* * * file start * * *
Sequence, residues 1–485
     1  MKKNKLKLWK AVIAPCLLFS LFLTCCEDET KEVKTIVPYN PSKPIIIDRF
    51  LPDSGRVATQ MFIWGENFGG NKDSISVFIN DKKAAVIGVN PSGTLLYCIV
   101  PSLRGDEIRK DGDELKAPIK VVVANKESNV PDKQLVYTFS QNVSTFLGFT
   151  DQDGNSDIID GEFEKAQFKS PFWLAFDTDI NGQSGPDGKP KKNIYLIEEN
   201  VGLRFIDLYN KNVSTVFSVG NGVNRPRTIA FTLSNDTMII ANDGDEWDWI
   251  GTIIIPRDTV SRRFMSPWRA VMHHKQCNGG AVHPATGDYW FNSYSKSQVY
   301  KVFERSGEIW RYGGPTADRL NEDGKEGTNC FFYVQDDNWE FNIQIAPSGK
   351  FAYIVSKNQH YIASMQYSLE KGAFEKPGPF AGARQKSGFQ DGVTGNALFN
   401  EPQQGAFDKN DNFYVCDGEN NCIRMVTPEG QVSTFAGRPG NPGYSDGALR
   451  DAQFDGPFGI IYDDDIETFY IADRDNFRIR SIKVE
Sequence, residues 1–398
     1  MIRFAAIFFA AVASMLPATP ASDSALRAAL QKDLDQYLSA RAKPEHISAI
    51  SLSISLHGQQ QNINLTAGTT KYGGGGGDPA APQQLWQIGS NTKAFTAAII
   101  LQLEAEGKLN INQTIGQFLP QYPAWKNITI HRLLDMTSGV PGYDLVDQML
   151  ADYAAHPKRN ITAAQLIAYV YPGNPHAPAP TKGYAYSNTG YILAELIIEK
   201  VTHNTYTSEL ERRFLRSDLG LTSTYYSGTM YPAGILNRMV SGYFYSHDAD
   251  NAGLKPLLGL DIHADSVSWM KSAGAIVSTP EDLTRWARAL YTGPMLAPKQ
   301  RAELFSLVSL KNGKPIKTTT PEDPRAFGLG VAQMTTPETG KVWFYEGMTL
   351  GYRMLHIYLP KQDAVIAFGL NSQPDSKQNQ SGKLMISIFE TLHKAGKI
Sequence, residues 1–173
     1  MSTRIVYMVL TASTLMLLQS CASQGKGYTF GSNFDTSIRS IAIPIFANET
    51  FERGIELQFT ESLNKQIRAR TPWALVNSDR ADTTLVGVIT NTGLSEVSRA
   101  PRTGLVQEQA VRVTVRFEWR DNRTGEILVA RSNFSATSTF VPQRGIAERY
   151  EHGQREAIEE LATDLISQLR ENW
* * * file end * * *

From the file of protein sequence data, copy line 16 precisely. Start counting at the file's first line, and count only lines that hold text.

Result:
   151  ADYAAHPKRN ITAAQLIAYV YPGNPHAPAP TKGYAYSNTG YILAELIIEK